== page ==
Brain Drain

Minnesotans are excited about the just approved $1 billion Vikings stadium. The stadium authority has announced who will conduct the environmental impact study and oversee construction. While the authority gets off to a fast start, is anyone thinking about how long-term health risks to players will affect the repayment risks for $500 million of public financing?
In his latest column, George Will warns the NFL and its fans haven’t faced the growing awareness of dangers of early onset depression and dementia to players taking repeated blows to the head. In the last year, three ex-players diagnosed with brain damage have committed suicide, leaving notes donating their brain tissue for medical research. “We are … rapidly reaching the point where playing football is like smoking cigarettes: The risks are well-known,” writes Will.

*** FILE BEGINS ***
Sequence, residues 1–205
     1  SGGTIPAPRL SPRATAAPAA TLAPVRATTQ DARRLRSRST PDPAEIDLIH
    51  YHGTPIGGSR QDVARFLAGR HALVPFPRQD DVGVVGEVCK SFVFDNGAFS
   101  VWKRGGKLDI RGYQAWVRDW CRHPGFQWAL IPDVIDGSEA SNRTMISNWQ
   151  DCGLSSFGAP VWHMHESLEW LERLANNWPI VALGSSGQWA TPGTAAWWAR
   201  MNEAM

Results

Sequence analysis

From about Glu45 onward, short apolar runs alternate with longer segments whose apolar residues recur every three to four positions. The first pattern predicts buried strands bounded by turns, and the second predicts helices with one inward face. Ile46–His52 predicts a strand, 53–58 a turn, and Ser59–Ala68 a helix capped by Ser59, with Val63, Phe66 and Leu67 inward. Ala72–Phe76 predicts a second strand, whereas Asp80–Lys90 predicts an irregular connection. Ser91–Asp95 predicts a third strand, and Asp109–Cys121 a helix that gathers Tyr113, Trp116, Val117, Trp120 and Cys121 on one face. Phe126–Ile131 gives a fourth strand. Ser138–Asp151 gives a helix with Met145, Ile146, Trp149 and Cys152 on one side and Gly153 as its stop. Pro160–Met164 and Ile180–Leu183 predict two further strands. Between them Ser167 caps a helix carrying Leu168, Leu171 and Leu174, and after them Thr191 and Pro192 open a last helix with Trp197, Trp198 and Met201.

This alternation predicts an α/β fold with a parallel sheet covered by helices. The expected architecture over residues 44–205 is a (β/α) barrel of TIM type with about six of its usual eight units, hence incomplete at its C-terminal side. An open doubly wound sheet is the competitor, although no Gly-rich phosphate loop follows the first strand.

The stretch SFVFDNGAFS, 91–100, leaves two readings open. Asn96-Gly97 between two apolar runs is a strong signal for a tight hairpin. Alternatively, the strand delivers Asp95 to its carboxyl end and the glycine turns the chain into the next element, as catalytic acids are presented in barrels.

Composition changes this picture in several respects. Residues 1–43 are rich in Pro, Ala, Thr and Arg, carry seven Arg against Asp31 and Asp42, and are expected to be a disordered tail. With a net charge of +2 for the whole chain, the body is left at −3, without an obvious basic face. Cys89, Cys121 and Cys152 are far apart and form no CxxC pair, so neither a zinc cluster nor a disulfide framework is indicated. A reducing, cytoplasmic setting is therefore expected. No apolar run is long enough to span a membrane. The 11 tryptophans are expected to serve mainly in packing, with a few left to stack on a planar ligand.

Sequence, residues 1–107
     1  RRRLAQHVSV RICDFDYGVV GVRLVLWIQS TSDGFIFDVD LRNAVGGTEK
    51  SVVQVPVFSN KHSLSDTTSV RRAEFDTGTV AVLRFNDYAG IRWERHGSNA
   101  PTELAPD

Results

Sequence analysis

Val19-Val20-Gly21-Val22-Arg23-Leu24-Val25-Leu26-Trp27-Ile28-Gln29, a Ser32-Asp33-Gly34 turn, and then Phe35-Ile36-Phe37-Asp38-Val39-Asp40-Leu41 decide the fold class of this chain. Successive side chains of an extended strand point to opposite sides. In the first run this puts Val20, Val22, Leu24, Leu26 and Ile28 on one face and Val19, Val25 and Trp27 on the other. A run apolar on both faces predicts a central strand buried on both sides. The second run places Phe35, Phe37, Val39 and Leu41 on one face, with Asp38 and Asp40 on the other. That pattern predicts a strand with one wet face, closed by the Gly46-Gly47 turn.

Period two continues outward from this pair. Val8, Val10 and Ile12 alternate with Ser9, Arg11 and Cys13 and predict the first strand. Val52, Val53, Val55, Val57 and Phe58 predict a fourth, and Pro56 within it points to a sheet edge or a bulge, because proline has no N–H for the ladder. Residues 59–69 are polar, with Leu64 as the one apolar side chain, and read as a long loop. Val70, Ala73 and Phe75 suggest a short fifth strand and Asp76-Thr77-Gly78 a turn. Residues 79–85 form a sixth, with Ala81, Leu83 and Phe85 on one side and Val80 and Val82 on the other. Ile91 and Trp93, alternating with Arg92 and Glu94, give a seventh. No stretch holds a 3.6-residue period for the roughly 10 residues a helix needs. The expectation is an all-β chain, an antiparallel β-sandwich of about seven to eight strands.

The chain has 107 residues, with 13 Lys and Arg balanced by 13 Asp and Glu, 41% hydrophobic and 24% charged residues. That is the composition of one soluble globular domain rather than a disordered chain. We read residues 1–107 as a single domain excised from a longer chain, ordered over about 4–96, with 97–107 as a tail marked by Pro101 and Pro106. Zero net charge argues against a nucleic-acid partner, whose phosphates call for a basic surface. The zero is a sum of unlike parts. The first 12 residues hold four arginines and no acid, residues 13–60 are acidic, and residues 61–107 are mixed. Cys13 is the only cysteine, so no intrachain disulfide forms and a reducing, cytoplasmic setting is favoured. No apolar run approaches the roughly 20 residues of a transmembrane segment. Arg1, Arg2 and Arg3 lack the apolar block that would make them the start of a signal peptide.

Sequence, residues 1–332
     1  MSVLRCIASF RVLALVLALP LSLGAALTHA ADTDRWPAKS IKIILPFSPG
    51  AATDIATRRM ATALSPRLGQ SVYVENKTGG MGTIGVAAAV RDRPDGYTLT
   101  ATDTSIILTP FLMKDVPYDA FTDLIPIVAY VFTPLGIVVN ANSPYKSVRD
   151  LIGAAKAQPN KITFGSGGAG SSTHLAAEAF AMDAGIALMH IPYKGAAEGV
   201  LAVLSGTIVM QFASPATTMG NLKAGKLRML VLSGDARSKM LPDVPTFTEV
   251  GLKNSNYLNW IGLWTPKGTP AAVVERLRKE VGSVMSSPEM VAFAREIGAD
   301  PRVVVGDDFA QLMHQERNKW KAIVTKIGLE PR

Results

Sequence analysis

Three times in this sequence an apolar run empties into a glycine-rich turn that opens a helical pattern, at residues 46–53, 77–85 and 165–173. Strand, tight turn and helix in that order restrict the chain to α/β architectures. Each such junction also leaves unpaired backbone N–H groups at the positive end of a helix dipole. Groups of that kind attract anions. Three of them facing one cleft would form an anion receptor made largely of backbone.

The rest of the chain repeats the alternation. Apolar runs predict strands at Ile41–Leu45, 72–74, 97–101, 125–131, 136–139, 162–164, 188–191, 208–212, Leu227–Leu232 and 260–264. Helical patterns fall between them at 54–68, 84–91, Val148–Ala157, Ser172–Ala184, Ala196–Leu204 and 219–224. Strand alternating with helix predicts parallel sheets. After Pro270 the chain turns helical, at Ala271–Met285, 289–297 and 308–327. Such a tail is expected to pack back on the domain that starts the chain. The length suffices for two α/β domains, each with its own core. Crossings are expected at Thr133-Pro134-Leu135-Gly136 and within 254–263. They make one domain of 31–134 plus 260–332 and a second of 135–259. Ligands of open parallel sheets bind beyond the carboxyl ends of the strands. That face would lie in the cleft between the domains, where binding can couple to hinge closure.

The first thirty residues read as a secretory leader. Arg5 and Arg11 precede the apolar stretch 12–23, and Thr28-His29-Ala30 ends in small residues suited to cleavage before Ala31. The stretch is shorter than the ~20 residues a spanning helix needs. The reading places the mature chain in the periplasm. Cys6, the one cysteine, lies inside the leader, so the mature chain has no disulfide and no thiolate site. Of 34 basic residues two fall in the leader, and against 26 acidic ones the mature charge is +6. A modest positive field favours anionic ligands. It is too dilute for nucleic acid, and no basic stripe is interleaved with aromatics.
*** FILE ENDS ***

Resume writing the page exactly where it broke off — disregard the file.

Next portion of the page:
Many parents will begin to discourage their sons from playing football. High schools and colleges will find their football programs generate losses as the cost of liability insurance rises. Could a stadium authority be drawn into future liability lawsuits by injured players and their families? Will sees the problem as “the fiction that football can be fixed and still resemble the game fans relish.”
In 1975, Minnesota’s Clean Indoor Air Act led the nation in creating smoke-free workplaces, including the Vikings’ Metrodome. Now, Minnesotans should lead the discussion of how regulation could create a safer stadium workplace that educates fans and protects the brains of future NFL players. Follow the news at #NFLHealthSafety.

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